through little roads tired car pokes
on the track to Ordinary Joe's
gatecrasher, purple shuttered, fort
between two white picket fence houses
tucked up half-pint box out of line on the line
in cold, squeezed, lemonade
sweet spring ambrosia to the lip
of deep green blanket children sit on, play on
running around shoes and socks
thrown on sidewalk hot as frying pan
crack an egg/hear it sizzle
dotted trees all the same side to side
rooms hide in cramped spaces like cubbies
slips of lip like butter roll off snake tongues
daggers pointed
circus act on display or an animal in the zoo
that doesn't fit in this topsy-turvy slide-show
called life
hackneyed stares glued in place on childish faces
like a match of heads or tails
cupped hands carry quarters for crank candy jars
at mall, or pick-up sticks snatched from floor
Wake up to find it’s gone
It’s gone for good
The old way is gone
It’s a new neighborhood

Nothing’s quite the same
Same old rules
New twisted game
No feelings save for hate
No love to contemplate

I’m blind without what I need
Without it I’m all alone
I don’t feel safe
Can I learn to call you home?
Can I learn to call you home?
sunprincess May 31
There's a brick wall in a neighborhood not far
Though if I were an ant
might be like the distance of here to our star

Sometimes I transform into a fluttering butterfly
and over the grand impenetrable wall
I fly

Just to see what's on the other side
Brick walls dividing neighborhoods
julianna Feb 23
A middle-aged couple
Stares out their front window
Happily watching the workers
Busy on their front lawn, digging a hole.

They had lived in this neighborhood
For three years
With their three precious daughters,
The family dog, and only two trees.

The mother would often complain
Because the houses looked bare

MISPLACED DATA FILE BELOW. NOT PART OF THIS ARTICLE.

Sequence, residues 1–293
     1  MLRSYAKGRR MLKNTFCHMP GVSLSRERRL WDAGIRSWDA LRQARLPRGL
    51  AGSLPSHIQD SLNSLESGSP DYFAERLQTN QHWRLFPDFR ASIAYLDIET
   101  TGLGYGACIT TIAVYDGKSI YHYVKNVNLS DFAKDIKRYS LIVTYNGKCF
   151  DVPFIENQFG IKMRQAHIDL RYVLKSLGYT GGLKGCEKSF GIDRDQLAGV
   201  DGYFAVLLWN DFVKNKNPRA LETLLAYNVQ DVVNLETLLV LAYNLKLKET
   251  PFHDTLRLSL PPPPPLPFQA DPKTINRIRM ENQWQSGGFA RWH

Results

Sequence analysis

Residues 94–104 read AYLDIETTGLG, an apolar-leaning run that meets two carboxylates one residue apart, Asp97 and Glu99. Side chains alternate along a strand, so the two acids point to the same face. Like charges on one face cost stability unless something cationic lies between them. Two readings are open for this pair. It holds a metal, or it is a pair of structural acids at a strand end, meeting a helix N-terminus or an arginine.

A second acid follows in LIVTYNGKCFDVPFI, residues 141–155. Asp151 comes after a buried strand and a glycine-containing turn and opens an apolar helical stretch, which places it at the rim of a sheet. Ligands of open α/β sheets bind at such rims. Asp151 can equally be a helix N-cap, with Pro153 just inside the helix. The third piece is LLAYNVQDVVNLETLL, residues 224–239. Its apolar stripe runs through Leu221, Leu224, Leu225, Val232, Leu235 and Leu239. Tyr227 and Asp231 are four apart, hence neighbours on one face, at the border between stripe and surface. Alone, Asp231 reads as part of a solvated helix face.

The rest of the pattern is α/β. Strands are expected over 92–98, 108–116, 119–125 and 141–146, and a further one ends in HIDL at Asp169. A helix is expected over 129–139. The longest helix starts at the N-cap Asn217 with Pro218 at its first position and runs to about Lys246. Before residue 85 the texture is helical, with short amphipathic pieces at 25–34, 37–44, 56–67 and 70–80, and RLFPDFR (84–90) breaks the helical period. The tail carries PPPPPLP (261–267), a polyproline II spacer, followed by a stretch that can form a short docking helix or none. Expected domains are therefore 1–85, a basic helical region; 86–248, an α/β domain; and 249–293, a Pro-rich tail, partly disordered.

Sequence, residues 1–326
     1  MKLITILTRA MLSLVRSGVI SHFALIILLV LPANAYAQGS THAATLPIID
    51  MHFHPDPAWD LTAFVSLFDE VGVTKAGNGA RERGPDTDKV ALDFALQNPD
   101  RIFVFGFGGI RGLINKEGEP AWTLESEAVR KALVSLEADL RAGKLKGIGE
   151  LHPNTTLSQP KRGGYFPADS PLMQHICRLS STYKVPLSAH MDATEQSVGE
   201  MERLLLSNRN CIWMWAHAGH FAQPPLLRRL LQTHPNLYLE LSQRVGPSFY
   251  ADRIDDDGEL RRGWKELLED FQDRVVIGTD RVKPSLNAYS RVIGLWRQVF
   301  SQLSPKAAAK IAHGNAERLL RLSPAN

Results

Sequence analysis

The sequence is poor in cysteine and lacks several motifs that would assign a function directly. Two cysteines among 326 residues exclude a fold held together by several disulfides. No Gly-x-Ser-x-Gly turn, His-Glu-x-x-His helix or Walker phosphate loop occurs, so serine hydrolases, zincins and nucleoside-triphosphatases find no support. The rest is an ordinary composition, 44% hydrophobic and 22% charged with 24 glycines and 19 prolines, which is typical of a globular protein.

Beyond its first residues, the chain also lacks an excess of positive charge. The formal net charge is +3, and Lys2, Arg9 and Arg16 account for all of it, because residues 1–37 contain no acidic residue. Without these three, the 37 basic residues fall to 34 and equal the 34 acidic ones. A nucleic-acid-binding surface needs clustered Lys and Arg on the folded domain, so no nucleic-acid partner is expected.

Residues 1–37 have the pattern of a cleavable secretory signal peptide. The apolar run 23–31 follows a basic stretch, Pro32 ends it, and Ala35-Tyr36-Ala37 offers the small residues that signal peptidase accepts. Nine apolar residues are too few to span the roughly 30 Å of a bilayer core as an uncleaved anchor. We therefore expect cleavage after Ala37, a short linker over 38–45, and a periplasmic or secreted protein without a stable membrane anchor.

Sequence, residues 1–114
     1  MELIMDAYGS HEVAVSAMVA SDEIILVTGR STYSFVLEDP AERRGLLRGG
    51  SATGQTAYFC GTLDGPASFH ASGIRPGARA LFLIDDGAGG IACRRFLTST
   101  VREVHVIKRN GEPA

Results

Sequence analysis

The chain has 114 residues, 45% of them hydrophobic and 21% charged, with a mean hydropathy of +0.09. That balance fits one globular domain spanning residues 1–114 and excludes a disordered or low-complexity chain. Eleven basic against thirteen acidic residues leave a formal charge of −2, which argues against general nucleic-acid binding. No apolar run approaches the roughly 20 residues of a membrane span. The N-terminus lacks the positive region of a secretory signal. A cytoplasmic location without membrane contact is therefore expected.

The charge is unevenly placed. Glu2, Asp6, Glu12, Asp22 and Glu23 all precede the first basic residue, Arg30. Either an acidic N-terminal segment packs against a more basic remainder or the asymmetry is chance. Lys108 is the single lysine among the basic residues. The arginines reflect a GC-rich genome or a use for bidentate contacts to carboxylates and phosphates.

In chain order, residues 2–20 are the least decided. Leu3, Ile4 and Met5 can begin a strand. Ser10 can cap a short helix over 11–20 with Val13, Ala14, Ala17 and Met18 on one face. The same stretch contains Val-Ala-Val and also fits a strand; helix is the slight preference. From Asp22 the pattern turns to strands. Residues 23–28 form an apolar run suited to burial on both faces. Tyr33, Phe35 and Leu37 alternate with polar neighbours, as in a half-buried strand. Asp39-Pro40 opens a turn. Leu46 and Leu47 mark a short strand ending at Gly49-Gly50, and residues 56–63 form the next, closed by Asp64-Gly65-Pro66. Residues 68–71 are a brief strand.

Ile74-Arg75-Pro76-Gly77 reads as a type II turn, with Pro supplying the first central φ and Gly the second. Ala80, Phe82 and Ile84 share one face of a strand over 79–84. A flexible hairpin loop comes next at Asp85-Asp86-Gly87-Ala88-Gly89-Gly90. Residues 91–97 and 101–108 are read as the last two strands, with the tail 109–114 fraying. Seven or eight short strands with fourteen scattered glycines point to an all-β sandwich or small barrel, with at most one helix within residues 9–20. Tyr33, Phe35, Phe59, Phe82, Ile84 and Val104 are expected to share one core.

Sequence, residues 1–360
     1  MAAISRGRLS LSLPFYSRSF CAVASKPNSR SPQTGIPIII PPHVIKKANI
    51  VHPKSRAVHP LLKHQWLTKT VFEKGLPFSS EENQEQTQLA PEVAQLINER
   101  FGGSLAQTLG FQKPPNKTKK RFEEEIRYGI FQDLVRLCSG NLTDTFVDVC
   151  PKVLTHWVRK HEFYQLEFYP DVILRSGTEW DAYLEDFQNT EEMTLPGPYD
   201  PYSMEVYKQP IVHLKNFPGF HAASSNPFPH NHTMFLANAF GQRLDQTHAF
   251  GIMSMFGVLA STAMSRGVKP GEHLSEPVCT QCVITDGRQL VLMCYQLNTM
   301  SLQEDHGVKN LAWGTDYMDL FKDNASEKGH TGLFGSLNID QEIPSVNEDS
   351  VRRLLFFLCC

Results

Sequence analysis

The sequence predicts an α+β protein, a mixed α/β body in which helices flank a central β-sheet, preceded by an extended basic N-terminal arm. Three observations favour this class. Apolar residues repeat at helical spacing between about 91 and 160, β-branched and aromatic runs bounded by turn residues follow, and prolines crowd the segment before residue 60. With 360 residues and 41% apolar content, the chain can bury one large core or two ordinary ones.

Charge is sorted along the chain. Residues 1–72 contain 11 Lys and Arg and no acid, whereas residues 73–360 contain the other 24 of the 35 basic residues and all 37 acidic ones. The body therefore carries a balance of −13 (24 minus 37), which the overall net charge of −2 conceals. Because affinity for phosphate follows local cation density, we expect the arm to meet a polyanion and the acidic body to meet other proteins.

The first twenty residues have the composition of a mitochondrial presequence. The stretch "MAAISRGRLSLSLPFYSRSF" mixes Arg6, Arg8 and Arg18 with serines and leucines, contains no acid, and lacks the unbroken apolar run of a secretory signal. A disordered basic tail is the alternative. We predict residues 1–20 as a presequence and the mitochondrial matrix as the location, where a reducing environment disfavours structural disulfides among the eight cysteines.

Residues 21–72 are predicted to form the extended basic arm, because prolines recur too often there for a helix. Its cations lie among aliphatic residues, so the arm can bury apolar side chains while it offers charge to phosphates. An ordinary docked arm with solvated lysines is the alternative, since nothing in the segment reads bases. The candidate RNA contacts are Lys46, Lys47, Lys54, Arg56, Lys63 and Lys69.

The father was sad,
Said the air was stale.

But they know well that each day that brings a trial
Brings a blessing, too.
Today, the dog is barking
And there's plenty of work to do.

Still, they smile.
Because today they get a brand new tree.
ev Jun 2017
Raj
Raj was so conservative
She always wore
so many layers
Even on the hottest days
in summer
in summer I rarely saw her
wearing skin
even when my friends from the barrio opened up the hydrant and we played in the street in our bathing suits
Raj they asked me for one day
I think back and
cower over what has
become of my poor friend
Raj
She was always covered up
that I rarely saw her
but to think now
I'll never
see her
again
Another old poem
Yen Apr 2017
Manila,
Manila,
Your bustling streets vibrate with the rumbling of the jeepneys
and the hollers of the drivers as they say,
“Pasahero diyan, kasya pa, kasya pa!”; (Any passenger there, some seats are still free!)
Your nights twinkle with the Christmas lights
that surround every tree around the Meralco building
when September begins;
Your endless traffic jams keep McDonald’s and KFC alive
twenty-four by seven
where traffic enforcers dodge cars
and vans
trucks and tricycles
and jeepneys and bicycles
while dancing to the rhythm beating in their own ears
with a smile and a salute to all the drivers
from dawn to dusk;

The noise awakens the outskirts of your city
filled with people who never fails to smile
even when the storm pirouettes like a tempestuous ballerina,
where children watch the roads
transform into this ocean of black water
and small wooden boats become the means of transportation;
paddling in between houses